The match ended a 4-1 loss with our goal, a long-range screamer from Sylvia. Though the scoreboard wasn’t in our favour, the girls deserve a great round of applause for their performance. They had us on the edge of our seats, so much so that everyone forgot to take photos!
A special shout-out to the Girls United fans (parents and siblings) who never stopped cheering and putting all their support behind the players! I am sure we can expect to see the community just get better as the team progresses.
We are so excited for a rematch and for many more matches to come!
Picture this – it’s match day, a 7am start on a Saturday morning, we meet the girls at the pickup point ready for departure to an away fixture. The minibus is working on Mexican time arriving at 8am for the prearranged 7.30am pickup. A one-hour drive follows, along one of Quintana Roo’s remote jungle ‘roads’ slaloming between mild potholes and actual craters.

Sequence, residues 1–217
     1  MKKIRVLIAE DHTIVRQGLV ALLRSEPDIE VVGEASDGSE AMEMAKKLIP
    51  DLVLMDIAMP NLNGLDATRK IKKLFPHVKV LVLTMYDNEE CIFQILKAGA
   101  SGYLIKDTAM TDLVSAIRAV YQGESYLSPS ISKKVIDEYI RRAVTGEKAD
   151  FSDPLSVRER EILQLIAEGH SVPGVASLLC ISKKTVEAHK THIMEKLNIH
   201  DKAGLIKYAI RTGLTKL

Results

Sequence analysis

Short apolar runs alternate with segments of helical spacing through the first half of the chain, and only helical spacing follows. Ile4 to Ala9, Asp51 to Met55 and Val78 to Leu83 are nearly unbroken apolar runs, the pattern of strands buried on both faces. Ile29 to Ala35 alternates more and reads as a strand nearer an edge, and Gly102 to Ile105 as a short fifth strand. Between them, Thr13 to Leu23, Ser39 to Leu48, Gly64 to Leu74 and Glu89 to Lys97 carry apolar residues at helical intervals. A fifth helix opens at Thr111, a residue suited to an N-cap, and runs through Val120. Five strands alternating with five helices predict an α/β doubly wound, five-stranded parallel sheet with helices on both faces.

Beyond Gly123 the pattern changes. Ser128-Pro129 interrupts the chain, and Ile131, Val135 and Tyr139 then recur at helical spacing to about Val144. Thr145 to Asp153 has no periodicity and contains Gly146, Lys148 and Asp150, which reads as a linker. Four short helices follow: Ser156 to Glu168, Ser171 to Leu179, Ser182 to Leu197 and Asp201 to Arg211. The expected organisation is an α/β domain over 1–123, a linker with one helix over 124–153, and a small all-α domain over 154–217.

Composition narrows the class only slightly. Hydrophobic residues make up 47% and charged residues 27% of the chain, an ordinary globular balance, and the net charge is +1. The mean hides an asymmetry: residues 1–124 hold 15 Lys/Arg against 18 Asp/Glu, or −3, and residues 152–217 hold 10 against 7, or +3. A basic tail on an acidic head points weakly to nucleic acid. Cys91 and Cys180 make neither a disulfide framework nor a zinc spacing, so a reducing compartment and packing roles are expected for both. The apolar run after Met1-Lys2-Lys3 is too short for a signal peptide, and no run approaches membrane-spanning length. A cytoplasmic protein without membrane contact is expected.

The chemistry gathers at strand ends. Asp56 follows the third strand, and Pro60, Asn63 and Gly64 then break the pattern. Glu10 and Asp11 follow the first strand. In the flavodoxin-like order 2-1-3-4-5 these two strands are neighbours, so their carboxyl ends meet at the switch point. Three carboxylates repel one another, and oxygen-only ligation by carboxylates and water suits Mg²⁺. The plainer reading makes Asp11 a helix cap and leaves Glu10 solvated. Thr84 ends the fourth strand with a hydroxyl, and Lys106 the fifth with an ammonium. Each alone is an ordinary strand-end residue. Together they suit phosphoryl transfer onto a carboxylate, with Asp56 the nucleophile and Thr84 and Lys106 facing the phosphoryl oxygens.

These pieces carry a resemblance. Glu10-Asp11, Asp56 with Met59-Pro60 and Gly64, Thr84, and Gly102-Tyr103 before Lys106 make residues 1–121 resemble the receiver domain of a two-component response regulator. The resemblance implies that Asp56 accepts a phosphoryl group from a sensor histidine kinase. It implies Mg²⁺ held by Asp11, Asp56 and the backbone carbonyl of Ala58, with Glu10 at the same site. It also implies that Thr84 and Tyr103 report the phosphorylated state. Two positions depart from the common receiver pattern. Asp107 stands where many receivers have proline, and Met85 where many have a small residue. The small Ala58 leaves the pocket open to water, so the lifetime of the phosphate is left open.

No radio signal, no phone signal – we might even have passed a town named: ‘Middle of Nowhere’ along the way. Arriving minutes before the agreed kick-off time at 9am, we are worried at the sight (or lack of sight) of the opposition. Precisely 3 girls, neatly dressed in their white Girls United league t-shirts, three-quarter length jeans and sandals, share a bottle of Coca-Cola for breakfast outside the only shop for miles. Opposite the shop the venue for today’s contest is located, and although not Wembley, the pitch is in good condition all things considered. I take a few minutes to mark out the perimeter line with cones and clear off the remaining clutch of baby chicks out of harm’s way.